I lie in bed listening to the sounds of everyone else getting up and moving about.  I look at the bandages on my wrists.  My aching holds me heavy in bed.  I hear Liam calling out, wanting his body spray from the locked cupboard and now, like every morning, some adult tells him not to shout.  It’s the same thing in this house day after day.  Get dressed, comb your hair, brush your teeth - don’t forget to wash your face, say good morning … No, don’t mess up … Go downstairs quietly.  Breakfast, wash your dishes, get your book bag, wait in the lounge, go to school.  They have us marching along.  Like any of it matters.  I won’t play along any more; I’m not even going to get up.

Time drifts; the meals put down in my room and then taken away uneaten begin to define the day passing.  I doze in and out of sleep and always pretend to be asleep if I’m awake when my door is opened.  Some adults are quiet, some try talking to my still form.  Rebecca often just sits there beside me; sometimes she lays her hand on me; one time she wiped over my face with a cool flannel.  Once I woke and she was holding my hand.

I feel the banana milkshake HE’s forced me to drink pass through me and I can’t help a yawn.  As he reads ‘Mr Tickle’, a mistiness travels through my head.  He lifts me onto the bed; my arms ache with weakness; they can’t begin to fight him now.  I want mum.

I’m being swallowed up in the softness of a bed.  I’m lying back into a cloud, such a soft cloud.  So warm.  I’m swimming though air.  There is a hum of voices.  Where am I?  The cotton wool of my cloud cloaks around me and fogs my hearing.

A large hand reaches through my cloud.  It pops the cloud.  Suddenly I’m cold and naked.  I try to move but the command from my mind can’t reach my legs to make them work.  I have no legs.  I have no arms, no head.  My eyes are looking out of a nothingness.

No, I have a bottom.  I can feel it as pain.  I have a back; I can feel the weight on it.  I have a mouth but can’t scream out; it’s strained open, filled to choking.  There are swirls of people around me.  So many men.  Grunting beasts.  Shots of torture rip me apart.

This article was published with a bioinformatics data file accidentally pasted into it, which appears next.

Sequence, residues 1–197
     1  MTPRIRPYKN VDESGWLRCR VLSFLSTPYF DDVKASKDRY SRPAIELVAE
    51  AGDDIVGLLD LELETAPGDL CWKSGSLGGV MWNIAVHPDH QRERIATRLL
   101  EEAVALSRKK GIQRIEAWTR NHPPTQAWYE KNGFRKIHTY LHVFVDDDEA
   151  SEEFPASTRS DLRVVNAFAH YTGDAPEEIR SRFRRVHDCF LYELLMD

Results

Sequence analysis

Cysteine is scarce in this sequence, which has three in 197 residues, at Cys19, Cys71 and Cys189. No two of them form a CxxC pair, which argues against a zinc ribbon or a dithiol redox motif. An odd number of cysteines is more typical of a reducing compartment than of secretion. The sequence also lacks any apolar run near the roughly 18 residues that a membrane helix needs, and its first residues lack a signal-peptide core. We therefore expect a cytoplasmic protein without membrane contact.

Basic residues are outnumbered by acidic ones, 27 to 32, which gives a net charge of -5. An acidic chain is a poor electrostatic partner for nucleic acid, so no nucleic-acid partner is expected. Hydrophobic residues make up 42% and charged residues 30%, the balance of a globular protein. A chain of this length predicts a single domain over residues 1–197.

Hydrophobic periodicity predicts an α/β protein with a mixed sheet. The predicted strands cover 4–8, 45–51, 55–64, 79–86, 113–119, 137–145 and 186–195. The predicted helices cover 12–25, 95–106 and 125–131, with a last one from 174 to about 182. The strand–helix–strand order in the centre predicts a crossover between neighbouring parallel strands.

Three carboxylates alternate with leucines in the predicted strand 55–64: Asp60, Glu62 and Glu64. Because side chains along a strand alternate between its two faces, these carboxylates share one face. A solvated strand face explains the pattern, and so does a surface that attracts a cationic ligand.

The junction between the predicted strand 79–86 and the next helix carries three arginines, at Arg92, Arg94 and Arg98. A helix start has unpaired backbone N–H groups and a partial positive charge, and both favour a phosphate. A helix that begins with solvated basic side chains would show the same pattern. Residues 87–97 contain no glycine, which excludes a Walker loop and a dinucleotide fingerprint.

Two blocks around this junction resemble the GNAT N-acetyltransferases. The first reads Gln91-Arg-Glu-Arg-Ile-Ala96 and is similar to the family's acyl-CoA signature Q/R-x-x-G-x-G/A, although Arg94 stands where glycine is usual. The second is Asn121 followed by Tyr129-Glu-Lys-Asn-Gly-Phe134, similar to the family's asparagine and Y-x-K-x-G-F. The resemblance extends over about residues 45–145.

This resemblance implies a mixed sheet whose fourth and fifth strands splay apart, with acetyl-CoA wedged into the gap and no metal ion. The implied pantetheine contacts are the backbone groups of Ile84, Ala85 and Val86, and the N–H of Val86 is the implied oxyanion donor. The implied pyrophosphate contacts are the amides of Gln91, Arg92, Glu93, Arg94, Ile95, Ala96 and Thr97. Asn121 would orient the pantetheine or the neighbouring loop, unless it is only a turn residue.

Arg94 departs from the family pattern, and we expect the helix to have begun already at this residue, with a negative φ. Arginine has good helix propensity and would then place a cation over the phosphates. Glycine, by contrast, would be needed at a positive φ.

I’m so weak and dizzy.  There’s no edge between me and the space around me.  I feel sick.  The bed’s a fluorescent yellow.  Men’s eyes look inside me; even the boy in the picture on the wall turns to look in on me.  Coins shower down.  Butterflies of paper money.  Buckets full of sweets.

I feel so ill.  Sleep, I’ve got to fall asleep.  I can’t keep my eyes open.

Rebecca opens my curtains and I feel the stinging brightness of day through my eyelids.  I’d started to fight HIM but that stopped once he began to give me milkshakes. Banana milkshake used to be my favourite drink, then somehow it started to make me so ill.  It brought on a faintness that was way beyond normal tiredness.

Rebecca strips the duvet off my chest, I pull it back over me.  She ruffles my hair and her hand catches on a knot; it’s a lively streak of pain that’s soon lost inside my heavy head.

“Come on, Aaron, I want you to get dressed today and then we’ll have a nice time.”

I don’t move from my bed.

“Do you need the toilet?”

Do I?  My body’s dried out and a stale thirst coats my mouth.

“Look, I’m going to stand outside your door and I want to hear you getting up and dressed.”

After Rebecca goes out, I pull the duvet over my head.  When she returns, she rocks the bundle of duvet with me inside.

“Sit up,” she whispers.

She pulls my arms from my pyjama top and then slips it off.  She guides my arms into a shirt.  She stands me up, hands me trousers and tells me to put them on while she waits outside.  She comes back to comb my hair and slide my feet into socks and shoes.  She leads me from my room.  I flatten myself against the wall as Shelby rushes past.  She guides me downstairs.  I sip some orange juice and turn it around in my mouth; it stings my cheeks.